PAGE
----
But then back in 1981, a friend of mine came up to me, and he said “You know, there’s a race for mayor in Burlington” where I lived, and Burlington as you all know in New Hampshire is the largest city in the state of Vermont. It has only 40,000 people, but it is our largest city, beautiful city.

And he said, “You know, looking over the election results for the last time you ran, while you only got 6% of the votes statewide, you got 12% in Burlington and there was some low-income and working wards where you got more than that. You got 12%. You got 14%. And maybe you should run for mayor.”

So we got some people together and we thought about it. And I decided to do it, running as an independent, running as an independent.

And I was taking on at that point back in 1981 an incumbent mayor who had served 5 terms, and nobody – nobody – that this Democratic mayor was – that one could beat him.

And the point that I want to make is not that I won the election by all of 10 votes to everybody’s great shock. That was after the recount. There was 14; it went down to 10. But that how we won that election became a political lesson that has stayed with me for my whole life.

Nobody thought that we had a chance and what we did is we put together a coalition. You all know what a coalition politics is about? It’s kind of an old phrase, not much in vogue now.

But what we did is we said to the low-income people in the city who did not think they were getting a fair shake in terms of city services, “We’re going to stand with you.” In fact, I did press conferences in low-income housing projects.

And we talked to the union – the union workers, who work for the city – the AFSME, the police union, and the fire union. We said, “Look, you’re working hard. You deserve a fair shake in terms of contract negotiations.”

And we talked to women who had never had an opportunity to get into city hall at that time and we said, “We’re going to open the door to everybody – working people, low-income people, and women. You’re not represented at city hall, and we’re going to do that.”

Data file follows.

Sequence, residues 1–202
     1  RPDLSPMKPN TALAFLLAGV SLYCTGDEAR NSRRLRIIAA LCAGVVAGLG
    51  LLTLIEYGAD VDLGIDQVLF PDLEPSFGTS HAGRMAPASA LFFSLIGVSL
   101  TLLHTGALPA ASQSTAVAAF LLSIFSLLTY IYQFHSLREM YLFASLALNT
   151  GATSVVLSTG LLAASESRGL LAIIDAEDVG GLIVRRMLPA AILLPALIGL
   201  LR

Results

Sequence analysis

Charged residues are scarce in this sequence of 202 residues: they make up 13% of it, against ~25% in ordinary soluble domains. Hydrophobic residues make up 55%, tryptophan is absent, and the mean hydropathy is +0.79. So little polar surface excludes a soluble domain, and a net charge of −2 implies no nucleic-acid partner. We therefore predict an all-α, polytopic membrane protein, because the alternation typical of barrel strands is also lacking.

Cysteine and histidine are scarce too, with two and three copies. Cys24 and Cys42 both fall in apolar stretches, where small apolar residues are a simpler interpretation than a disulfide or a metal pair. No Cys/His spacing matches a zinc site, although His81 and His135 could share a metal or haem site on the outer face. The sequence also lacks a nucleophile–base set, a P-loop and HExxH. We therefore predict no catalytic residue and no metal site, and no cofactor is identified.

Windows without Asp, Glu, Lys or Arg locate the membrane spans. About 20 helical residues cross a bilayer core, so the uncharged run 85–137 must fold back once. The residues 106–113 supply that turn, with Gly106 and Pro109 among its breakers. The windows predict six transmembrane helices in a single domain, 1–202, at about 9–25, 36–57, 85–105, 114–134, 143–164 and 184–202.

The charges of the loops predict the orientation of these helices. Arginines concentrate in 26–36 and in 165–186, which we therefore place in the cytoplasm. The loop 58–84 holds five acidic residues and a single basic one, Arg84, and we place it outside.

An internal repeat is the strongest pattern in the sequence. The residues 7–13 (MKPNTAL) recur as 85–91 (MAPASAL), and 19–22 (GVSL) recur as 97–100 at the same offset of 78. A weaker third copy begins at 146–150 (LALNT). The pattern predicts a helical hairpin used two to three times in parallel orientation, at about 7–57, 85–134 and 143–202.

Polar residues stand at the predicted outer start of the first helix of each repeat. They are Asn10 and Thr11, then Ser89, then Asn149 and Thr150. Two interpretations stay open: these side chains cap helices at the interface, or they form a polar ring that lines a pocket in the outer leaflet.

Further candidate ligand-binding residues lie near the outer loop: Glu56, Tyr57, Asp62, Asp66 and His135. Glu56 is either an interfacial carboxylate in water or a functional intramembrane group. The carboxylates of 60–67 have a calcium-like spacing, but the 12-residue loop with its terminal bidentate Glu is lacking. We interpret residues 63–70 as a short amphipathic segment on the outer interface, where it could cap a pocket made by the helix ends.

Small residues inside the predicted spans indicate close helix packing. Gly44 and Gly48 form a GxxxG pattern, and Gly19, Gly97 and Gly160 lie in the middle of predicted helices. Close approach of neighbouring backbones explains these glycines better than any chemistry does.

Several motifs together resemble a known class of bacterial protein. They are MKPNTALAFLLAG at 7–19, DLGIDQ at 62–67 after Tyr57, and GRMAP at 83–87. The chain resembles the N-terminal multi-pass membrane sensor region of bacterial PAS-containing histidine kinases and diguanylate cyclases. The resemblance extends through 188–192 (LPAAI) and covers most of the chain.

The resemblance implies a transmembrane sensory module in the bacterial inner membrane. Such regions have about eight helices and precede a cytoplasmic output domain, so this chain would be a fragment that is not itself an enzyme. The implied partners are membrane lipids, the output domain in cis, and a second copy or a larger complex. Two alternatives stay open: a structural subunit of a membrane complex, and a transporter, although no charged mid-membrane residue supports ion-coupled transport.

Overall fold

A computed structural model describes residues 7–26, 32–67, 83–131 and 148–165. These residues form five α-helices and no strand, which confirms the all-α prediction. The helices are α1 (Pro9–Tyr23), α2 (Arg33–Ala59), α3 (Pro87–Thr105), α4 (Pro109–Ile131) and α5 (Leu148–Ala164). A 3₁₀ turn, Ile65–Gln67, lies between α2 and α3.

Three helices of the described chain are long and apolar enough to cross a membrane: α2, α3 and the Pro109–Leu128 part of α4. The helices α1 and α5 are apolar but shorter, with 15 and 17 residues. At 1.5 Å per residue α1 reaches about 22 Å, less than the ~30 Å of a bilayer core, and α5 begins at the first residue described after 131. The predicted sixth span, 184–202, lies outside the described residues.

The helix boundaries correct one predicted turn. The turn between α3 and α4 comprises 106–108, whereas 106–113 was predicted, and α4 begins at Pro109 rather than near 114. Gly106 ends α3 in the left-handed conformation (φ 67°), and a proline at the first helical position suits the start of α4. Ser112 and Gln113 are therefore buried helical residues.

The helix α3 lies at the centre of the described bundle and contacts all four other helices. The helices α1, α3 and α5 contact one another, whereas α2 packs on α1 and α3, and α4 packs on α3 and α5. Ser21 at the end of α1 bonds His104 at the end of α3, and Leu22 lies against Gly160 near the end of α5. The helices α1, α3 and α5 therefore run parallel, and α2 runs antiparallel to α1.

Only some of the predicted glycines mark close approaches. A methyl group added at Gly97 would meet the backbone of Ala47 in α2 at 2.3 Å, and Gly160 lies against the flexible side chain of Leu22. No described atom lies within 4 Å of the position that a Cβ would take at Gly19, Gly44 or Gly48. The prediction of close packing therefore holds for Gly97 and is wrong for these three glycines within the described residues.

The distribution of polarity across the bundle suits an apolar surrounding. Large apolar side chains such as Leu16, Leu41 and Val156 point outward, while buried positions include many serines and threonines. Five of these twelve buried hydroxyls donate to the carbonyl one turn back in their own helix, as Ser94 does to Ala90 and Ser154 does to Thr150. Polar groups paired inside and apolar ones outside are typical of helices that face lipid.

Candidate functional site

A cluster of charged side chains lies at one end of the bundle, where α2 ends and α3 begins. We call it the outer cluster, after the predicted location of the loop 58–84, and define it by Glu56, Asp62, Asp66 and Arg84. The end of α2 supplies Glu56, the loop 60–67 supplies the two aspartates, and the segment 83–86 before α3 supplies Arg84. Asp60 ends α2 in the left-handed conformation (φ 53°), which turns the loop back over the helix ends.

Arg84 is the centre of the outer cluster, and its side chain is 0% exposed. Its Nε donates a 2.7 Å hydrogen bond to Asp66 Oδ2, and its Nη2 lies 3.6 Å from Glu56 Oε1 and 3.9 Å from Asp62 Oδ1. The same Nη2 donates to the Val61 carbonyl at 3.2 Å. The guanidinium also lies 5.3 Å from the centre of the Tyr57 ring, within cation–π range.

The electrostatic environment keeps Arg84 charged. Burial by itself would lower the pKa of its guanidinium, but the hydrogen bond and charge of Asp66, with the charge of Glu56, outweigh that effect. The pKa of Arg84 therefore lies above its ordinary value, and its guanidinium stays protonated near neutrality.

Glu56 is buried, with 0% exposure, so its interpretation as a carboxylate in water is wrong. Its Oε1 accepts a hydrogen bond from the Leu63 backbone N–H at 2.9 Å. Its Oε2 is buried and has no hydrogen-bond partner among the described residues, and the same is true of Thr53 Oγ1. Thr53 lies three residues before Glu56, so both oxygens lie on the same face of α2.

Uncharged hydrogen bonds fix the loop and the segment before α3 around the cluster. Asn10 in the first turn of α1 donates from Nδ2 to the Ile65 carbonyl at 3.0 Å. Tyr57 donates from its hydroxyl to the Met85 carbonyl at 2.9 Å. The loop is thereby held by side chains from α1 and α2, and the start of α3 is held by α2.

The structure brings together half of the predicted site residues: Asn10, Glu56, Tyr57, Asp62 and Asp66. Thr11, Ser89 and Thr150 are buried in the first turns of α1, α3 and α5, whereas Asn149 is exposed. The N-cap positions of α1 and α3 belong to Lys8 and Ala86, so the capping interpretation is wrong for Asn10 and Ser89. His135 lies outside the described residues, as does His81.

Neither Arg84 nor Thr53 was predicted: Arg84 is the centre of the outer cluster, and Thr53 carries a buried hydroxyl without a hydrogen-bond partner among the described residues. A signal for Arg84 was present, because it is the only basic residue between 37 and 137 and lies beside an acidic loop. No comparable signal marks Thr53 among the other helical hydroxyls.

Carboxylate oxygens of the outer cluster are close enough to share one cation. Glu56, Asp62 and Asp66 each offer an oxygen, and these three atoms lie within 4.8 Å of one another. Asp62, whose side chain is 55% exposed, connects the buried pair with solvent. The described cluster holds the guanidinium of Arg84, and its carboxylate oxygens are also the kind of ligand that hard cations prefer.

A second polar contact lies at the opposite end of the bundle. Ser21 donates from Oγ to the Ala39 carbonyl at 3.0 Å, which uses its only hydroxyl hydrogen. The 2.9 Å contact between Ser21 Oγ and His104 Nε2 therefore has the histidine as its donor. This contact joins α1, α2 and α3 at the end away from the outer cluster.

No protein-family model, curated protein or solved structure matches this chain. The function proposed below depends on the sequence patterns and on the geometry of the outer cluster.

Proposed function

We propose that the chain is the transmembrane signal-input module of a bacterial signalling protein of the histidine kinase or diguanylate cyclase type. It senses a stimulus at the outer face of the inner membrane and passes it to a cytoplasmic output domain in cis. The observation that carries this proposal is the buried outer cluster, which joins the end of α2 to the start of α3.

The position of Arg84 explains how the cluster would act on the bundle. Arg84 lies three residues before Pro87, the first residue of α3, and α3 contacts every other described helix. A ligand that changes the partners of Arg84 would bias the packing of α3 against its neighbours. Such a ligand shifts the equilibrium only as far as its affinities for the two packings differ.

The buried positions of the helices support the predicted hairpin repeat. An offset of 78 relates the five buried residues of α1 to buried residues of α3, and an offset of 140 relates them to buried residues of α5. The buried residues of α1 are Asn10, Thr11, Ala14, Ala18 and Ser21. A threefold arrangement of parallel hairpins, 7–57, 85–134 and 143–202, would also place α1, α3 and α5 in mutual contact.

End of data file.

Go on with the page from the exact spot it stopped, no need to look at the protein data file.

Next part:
And we talked to the environmentalists in the community who were concerned by a number of projects that were anti-environmental.

And we put together this strange coalition. It was so strange. I often worried about what would happen if we got them all in the same room at the same time because they were very different people. But they have the belief that we should open the doors of government, that we should allow everybody in, that government should not just work for the downtown, for the big money interest but it should work for all people.

And we won that election. We won that election by 10 votes.

Now, I am very proud by what I accomplished as the mayor of Burlington. I think many of you have been to Burlington. Great city.

But of all of my accomplishments as mayor and of all of the many accomplishments that I am proud of that I did when I was in the House and that I’m doing in the Senate, probably the very, very top of that list is one that most people – most media people – would think is irrelevant. But here’s what that accomplishment was: We doubled voter turnout from 1981 to 1983. [Applause]

Now, how did we do that and what is that lesson for today?